As we are aware, pivot points are used to calculate support and resistance levels on a regular basis. This is something that is extensively used by traders. Pivot Points (High/Low) are also known as Bar Count Reversals and are used to anticipate potential price reversals. Pivot Point Highs are determined by the number of bars with lower highs on either side of a Pivot Point High. On the other hand, Pivot Point Lows are determined by the number of bars with higher lows on either side of a Pivot Point Low. For example, a Pivot Point High, with a period of 5, requires a minimum of 11 bars to be considered a valid Pivot Point. A minimum of 5 bars before and after the Pivot Point High all have to have lower highs.

A Pivot Point Low, with a period of 5, requires a minimum of 5 bars before and after the Pivot Point Low to each have higher lows in order to be a valid Pivot Point.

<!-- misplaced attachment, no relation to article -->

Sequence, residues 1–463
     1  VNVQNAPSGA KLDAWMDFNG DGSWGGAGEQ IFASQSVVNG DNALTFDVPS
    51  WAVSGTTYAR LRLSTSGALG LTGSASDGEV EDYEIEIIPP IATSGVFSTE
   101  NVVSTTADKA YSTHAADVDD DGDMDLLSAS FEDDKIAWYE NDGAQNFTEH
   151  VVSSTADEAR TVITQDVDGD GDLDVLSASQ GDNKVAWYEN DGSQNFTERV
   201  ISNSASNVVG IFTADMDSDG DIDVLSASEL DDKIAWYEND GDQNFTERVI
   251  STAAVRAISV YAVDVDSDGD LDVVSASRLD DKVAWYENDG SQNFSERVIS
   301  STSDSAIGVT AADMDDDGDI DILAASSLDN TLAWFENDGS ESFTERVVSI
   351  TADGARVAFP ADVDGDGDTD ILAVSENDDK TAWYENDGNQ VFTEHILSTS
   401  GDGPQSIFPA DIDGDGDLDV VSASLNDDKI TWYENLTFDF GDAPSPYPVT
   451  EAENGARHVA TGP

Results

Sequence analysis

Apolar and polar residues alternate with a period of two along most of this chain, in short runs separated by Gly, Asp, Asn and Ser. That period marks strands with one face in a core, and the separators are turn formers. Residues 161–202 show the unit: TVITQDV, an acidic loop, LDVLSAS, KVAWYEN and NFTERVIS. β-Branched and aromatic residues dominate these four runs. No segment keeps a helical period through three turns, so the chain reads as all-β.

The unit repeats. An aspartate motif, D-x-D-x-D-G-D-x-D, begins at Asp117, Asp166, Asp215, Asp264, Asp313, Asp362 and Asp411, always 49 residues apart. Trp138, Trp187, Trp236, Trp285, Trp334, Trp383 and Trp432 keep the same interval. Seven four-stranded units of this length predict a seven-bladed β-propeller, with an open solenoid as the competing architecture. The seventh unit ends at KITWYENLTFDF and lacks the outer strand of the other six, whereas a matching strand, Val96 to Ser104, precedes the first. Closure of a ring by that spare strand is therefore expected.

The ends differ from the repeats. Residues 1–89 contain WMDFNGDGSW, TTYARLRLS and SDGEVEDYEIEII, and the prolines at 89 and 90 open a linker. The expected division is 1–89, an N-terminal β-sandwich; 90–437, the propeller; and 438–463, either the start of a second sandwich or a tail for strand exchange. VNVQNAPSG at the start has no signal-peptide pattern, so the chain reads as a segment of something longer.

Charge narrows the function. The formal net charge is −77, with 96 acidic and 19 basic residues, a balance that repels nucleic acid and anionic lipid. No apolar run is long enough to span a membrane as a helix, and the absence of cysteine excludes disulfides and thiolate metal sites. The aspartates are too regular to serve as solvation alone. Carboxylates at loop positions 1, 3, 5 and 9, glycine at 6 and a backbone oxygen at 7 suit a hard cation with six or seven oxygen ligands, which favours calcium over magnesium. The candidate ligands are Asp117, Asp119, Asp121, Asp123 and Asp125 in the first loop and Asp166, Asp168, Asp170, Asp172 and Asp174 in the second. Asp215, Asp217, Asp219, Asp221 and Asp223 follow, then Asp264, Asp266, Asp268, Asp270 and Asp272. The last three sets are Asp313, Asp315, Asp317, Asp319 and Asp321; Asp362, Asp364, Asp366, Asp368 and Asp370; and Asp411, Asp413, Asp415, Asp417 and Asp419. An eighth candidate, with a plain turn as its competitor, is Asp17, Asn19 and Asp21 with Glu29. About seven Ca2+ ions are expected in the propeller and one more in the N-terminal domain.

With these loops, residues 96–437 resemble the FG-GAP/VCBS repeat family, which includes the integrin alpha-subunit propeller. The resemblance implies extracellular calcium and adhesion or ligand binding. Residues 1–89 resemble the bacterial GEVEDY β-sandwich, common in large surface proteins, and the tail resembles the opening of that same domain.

As we are aware, pivot points are used to calculate support and resistance levels on a regular basis. This is something that is extensively used by traders. Pivot Points (High/Low) are also known as Bar Count Reversals and are used to anticipate potential price reversals. Pivot Point Highs are determined by the number of bars with lower highs on either side of a Pivot Point High. On the other hand, Pivot Point Lows are determined by the number of bars with higher lows on either side of a Pivot Point Low. For example, a Pivot Point High, with a period of 5, requires a minimum of 11 bars to be considered a valid Pivot Point. A minimum of 5 bars before and after the Pivot Point High all have to have lower highs.

A Pivot Point Low, with a period of 5, requires a minimum of 5 bars before and after the Pivot Point Low to each have higher lows in order to be a valid Pivot Point.